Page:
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13-07-2010 | Respiratory | Article

Low-dose CT best for identifying sinus lesions in asthmatic patients with rhinitis

Abstract

Free abstract

MedWire News: Low-dose computed tomography (CT) identifies more severe paranasal sinus (PS) lesions than does X-ray scanning in asthma patients with rhinitis, research shows.

Rafael Stelmach (University of São Paulo Medical School, Brazil) and colleagues explain that severe PS lesions increase the risk for asthma exacerbations and are associated with greater asthma severity.

Information on PS lesion severity is therefore important in guiding treatment for asthma patients with rhinitis.

To compare the effectiveness of low-dose CT and X-ray for identifying PS involvement, the researchers enrolled 91 patients with asthma and rhinitis.

All the participants underwent PS radiography and six to eight low-dose CT scans on the central region of the sphenoidal, ethmoidal, maxillary, and frontal sinuses.

In total, 85 (93.4%) patients showed radiological PS changes, such as mucosal thickening and opacification, on CT or radiography.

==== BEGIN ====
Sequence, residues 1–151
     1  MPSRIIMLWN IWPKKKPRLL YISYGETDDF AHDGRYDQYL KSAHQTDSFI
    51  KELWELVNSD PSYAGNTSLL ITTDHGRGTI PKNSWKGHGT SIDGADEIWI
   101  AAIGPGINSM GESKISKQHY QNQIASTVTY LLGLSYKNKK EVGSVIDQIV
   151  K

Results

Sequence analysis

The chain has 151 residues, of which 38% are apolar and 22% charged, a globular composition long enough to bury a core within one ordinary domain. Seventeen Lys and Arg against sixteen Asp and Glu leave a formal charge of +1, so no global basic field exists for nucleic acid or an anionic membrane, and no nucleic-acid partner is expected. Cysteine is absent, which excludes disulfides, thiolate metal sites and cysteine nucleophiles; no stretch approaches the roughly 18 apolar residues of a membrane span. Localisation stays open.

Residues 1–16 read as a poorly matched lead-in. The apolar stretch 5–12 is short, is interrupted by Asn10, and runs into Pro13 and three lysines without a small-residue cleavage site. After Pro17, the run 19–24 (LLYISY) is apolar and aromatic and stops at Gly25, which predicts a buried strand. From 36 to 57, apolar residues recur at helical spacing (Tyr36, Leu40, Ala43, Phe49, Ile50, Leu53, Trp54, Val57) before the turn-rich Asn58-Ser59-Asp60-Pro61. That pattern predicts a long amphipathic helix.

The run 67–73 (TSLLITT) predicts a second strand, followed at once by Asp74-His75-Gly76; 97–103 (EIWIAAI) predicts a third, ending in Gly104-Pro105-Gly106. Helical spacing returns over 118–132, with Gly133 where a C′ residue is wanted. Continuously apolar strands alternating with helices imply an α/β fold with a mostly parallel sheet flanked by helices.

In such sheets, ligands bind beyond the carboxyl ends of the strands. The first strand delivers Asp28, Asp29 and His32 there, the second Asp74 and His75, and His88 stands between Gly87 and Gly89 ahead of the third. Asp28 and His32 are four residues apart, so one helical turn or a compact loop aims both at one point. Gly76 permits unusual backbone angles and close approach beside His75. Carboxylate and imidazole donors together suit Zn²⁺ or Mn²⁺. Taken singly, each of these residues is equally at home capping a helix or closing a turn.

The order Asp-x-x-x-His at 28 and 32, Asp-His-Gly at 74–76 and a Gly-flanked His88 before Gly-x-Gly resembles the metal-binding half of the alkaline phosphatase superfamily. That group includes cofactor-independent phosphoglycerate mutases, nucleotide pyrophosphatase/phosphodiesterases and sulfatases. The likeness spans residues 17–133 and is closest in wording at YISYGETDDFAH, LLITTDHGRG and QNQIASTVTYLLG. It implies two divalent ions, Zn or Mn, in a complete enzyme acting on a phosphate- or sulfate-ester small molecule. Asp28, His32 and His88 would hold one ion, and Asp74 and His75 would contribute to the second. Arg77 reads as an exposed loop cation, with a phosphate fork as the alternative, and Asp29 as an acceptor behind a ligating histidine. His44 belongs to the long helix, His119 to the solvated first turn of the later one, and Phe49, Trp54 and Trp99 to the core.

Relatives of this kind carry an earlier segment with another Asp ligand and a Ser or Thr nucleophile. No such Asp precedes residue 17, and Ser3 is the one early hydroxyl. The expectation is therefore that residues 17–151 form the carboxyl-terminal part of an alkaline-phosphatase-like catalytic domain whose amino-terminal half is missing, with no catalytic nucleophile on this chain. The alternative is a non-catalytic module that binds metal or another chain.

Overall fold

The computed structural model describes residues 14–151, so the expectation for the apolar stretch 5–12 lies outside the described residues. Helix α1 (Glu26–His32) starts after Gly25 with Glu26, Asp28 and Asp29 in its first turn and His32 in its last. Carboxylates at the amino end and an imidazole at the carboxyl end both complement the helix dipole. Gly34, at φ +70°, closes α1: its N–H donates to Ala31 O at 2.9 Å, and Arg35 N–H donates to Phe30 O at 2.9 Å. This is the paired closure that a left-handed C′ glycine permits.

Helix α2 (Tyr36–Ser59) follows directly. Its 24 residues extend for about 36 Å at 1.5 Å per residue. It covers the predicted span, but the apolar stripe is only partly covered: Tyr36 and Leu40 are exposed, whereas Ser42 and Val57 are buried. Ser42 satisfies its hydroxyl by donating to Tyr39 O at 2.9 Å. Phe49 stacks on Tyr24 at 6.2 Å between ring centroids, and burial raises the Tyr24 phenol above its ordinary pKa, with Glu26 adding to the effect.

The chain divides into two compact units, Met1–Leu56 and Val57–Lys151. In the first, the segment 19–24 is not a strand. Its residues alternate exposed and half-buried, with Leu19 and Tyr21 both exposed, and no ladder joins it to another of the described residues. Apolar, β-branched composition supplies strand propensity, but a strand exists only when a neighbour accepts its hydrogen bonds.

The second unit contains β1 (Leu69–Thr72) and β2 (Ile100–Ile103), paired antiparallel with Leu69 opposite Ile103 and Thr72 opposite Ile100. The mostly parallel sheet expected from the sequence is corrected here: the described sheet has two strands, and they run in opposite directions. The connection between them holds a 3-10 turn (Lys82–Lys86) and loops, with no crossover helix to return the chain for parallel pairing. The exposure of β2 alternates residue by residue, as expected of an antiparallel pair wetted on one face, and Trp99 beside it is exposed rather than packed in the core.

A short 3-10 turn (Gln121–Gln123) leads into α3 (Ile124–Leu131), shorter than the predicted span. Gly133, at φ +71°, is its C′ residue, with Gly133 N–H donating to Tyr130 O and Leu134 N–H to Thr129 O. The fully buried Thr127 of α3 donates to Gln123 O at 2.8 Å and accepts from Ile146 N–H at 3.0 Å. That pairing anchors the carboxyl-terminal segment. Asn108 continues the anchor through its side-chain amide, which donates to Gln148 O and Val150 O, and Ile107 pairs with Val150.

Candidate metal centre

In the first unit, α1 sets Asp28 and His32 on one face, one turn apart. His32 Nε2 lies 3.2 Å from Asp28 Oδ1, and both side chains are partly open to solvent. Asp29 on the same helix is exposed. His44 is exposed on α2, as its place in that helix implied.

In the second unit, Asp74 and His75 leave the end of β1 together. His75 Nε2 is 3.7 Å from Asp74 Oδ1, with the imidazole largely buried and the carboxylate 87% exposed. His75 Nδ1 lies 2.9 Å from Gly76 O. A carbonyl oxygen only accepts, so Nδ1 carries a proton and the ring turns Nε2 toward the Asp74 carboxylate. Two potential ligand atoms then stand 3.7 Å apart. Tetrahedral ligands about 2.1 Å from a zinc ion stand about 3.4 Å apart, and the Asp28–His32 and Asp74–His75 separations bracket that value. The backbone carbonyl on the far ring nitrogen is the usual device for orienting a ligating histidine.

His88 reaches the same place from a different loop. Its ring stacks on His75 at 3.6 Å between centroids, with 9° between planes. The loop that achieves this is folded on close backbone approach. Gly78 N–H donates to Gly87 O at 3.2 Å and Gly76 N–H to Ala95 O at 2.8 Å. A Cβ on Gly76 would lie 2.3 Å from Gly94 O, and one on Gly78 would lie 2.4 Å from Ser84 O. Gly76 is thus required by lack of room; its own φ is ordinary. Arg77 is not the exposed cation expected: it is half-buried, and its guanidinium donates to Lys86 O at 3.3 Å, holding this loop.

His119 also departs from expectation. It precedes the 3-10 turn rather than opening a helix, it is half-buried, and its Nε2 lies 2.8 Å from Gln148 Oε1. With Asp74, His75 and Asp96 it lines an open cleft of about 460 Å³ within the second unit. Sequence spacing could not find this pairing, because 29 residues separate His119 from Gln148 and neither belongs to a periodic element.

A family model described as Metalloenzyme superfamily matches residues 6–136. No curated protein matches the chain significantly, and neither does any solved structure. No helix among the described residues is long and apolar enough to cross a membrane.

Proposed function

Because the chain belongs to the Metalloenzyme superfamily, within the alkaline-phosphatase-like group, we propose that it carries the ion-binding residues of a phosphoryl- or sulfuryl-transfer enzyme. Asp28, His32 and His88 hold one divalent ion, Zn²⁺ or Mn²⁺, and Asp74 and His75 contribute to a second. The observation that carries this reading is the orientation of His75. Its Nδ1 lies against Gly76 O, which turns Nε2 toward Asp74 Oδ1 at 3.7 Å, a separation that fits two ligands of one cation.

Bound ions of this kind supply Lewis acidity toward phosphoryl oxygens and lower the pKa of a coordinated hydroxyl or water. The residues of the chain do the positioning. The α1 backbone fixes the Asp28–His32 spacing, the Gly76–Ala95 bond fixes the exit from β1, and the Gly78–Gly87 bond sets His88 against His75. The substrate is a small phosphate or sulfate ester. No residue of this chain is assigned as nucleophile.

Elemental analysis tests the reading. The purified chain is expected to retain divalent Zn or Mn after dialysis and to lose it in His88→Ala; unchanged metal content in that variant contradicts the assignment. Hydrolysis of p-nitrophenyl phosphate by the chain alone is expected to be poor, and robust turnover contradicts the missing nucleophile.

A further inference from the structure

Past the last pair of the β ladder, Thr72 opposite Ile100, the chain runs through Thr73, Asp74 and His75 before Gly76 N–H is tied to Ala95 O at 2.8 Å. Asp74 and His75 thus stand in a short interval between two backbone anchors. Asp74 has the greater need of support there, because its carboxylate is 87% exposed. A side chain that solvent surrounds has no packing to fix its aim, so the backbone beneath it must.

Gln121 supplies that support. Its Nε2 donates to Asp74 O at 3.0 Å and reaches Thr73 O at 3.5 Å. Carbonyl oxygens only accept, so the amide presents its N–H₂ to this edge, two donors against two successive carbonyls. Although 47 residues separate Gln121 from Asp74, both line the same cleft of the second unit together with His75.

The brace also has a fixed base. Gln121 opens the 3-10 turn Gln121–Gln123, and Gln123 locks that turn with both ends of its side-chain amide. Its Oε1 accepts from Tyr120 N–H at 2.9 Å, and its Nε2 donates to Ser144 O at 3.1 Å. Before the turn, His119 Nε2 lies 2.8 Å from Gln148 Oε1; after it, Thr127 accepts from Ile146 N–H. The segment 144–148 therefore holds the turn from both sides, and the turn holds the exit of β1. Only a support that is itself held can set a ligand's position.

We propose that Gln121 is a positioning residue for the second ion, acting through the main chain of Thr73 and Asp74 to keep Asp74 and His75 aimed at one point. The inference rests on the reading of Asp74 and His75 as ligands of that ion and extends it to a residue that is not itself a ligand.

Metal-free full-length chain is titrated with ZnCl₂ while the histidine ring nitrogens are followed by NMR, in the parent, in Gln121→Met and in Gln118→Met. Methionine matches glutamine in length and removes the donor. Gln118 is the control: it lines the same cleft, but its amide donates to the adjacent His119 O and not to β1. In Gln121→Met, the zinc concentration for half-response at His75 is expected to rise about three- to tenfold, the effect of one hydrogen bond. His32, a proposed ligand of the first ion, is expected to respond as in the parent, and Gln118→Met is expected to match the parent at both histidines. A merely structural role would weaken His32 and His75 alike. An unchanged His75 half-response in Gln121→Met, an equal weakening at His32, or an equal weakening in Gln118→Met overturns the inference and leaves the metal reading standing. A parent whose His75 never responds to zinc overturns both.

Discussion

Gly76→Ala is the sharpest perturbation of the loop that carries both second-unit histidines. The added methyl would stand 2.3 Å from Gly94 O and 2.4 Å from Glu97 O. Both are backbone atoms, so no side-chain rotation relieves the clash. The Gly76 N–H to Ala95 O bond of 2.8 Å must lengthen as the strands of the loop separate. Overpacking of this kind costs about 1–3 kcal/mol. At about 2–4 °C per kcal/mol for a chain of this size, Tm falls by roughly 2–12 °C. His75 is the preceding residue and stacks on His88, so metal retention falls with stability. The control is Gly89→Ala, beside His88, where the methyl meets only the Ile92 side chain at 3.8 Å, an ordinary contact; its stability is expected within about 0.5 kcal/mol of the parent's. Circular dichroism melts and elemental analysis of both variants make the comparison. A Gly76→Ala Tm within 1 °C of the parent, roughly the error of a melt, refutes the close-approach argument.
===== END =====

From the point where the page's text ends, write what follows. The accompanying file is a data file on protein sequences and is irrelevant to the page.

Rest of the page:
The proportion of normal results differed significantly between X-ray and CT for the frontal (80.2% vs 89.0%), ethmoidal (76.9% vs 63.7%), and sphenoidal (96.7% vs 70.3%) sinuses. Agreement between X-ray and CT was over 70% for the maxillary and frontal sinuses.

Simultaneous PS abnormalities were observed in 40.5% of patients on X-ray and 56.7% on CT.

The researchers also found that CT was more effective at identifying air-fluid level changes than X-ray.

Stelmach and team conclude in the Journal of Asthma: "Low-dose CT significantly showed larger number of normal PS results and diagnosed more severe PS lesions."

They add: "As the determination of true sinus severity lesion impacts in asthma control, low-dose CT may replace PS plain X-ray and conventional CT to support better clinical decisions."

MedWire (www.medwire-news.md) is an independent clinical news service provided by Current Medicine Group, a trading division of Springer Healthcare Limited. © Springer Healthcare Ltd; 2010

By Mark Cowen

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